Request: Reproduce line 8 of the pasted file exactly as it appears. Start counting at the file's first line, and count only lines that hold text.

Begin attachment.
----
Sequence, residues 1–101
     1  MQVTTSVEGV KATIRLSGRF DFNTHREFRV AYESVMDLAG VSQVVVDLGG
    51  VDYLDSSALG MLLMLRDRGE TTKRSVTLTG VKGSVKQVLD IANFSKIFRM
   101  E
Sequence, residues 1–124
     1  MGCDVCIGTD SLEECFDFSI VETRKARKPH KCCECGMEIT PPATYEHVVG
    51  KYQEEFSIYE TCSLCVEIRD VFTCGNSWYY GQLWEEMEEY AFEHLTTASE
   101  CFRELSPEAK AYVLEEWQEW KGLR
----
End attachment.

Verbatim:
   101  CFRELSPEAK AYVLEEWQEW KGLR